Why Modi matters to Israel

The time for shalom and namaste to converge is upon us.

PM Netanyahu and India's Modi (photo credit: PRIME MINISTER'S OFFICE)
PM Netanyahu and India's Modi
Narendra Modi’s historic visit to Israel, the first ever by an Indian prime minister, on July 4 is a revolution in Indian foreign policy and a milestone in bilateral relations. Coming after 25 long years since India established full diplomatic ties with Israel and 67 years since India formally recognized Israel, Modi’s much-heralded trip is an expression of New Delhi’s commitment to a blossoming strategic partnership with Tel Aviv as well as a message for domestic constituencies in India that Israel is pivotal to India’s national interests.
By breaking old patterns and embarking on a standalone Israel visit, Modi is signifying political will at the highest level to demonstrate that India has turned a page. Although bureaucratic, ministerial, military and even presidential exchanges between India and Israel have been occurring for years, the fact that India’s prime minister, the ultimate wielder of power and shaper of policy, is debuting in Israel in a high-profile manner is a big deal, with symbolic and practical import.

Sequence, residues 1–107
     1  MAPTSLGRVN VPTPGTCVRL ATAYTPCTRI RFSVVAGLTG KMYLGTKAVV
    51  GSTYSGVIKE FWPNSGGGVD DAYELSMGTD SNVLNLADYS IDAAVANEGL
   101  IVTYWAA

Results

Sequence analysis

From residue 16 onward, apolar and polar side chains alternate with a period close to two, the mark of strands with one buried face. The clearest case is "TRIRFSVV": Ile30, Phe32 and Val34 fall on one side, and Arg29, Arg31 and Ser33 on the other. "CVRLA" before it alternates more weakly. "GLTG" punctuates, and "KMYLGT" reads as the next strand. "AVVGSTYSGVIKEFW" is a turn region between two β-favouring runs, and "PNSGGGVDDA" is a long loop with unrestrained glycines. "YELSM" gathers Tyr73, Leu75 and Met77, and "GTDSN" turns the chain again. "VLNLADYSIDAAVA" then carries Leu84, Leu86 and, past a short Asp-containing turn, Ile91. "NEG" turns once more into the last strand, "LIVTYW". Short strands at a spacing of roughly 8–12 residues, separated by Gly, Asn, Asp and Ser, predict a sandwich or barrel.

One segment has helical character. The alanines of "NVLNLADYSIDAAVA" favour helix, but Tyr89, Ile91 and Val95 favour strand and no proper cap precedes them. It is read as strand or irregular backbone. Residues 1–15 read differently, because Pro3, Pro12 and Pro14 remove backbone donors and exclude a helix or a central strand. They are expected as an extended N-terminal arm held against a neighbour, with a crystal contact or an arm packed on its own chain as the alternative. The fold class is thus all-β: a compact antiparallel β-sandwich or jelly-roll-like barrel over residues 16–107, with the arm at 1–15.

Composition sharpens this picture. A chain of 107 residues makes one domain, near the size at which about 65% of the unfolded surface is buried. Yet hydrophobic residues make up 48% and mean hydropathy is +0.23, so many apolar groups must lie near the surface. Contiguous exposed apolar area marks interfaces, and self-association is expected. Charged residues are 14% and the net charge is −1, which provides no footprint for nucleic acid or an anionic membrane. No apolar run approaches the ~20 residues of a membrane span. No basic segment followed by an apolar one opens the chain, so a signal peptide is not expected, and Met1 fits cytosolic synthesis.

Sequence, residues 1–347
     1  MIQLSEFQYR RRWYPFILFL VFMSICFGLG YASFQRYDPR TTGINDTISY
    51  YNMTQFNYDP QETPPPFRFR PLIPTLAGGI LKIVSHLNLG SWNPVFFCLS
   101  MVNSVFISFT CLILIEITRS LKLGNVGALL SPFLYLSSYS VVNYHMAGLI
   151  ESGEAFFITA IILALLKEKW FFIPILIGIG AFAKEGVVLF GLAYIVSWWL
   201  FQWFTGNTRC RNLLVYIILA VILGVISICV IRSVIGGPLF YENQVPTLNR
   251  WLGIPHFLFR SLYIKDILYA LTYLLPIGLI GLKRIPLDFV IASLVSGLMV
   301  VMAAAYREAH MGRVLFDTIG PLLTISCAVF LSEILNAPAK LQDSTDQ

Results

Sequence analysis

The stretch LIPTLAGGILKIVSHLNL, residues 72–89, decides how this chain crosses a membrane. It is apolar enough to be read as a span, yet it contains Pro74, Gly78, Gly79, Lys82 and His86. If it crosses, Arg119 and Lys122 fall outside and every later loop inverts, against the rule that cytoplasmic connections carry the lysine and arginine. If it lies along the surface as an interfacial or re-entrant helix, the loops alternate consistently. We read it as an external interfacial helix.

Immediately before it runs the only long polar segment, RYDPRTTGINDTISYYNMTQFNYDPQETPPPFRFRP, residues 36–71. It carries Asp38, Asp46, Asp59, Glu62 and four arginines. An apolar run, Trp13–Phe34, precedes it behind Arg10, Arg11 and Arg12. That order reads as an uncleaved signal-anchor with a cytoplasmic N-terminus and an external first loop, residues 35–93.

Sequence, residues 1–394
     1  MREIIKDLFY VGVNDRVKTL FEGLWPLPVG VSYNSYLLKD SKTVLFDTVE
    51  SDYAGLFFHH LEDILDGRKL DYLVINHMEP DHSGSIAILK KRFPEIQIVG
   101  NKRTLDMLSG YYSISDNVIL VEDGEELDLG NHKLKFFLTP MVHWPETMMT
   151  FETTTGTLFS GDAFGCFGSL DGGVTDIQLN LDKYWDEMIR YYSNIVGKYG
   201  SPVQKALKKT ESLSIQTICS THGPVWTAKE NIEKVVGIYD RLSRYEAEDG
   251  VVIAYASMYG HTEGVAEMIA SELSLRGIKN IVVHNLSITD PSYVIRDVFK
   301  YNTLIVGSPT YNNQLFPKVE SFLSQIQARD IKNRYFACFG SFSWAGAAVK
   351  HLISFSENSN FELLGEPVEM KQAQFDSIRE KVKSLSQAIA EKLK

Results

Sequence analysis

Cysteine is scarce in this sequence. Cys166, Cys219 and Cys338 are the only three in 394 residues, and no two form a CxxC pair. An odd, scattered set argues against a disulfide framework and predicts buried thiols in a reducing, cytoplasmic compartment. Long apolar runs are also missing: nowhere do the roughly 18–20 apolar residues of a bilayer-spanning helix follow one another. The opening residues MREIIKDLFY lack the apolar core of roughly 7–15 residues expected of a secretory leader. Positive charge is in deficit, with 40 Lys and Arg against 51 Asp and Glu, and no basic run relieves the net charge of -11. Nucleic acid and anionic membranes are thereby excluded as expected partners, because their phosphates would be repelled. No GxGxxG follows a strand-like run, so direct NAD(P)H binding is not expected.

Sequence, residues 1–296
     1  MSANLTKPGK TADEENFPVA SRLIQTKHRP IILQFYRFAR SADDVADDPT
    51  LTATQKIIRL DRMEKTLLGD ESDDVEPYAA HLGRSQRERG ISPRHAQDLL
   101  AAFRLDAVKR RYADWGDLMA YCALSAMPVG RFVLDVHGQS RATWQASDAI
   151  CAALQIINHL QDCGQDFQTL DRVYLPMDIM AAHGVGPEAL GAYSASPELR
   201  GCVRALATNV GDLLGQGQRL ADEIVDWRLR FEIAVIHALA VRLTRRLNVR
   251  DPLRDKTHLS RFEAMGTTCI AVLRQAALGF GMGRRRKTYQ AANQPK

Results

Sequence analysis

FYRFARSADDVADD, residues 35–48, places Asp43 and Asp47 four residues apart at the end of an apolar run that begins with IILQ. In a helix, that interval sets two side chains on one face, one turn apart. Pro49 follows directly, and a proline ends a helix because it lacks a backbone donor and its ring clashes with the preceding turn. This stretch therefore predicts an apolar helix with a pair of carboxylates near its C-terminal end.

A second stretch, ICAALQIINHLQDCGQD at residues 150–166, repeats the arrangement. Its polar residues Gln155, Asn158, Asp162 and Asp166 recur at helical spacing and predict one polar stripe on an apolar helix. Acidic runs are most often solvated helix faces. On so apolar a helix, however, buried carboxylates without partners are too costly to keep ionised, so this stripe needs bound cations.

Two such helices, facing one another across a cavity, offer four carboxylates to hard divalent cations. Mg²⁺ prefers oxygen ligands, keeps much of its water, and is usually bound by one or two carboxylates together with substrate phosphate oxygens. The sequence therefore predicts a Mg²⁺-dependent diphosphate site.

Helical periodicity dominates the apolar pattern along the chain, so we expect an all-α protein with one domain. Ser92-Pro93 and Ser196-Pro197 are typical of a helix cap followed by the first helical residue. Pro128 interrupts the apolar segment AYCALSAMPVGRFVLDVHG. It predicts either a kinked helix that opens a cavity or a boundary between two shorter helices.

For decades, India’s leaders before Modi had tiptoed around their nation’s growing relations with Israel and avoided making a splash of it. They were fearful of upsetting the “minority vote bank,” i.e. religiously mobilized Indian Muslims who swayed election outcomes and held New Delhi hostage against embracing the Zionist state. The logic for prime ministers before Modi used to be that Israel brings myriad benefits to India and they must partake of them, but keep the affair hush-hush to avoid “hurting Muslim sentiments” and antagonizing leftist political parties advocating boycott of Israel and solidarity for Palestinians.
What Modi is doing is to break these taboos and pursue his “India First” agenda, which is to put national interests above narrow sectarian and ideological calculations that hitherto hindered full realization of the potential in India-Israel cooperation. His rapport with Prime Minister Benjamin Netanyahu and his ardent admiration for Israel’s scientific achievements are novel in the Indian political context, where hypocrisy and doublespeak were previously the norm.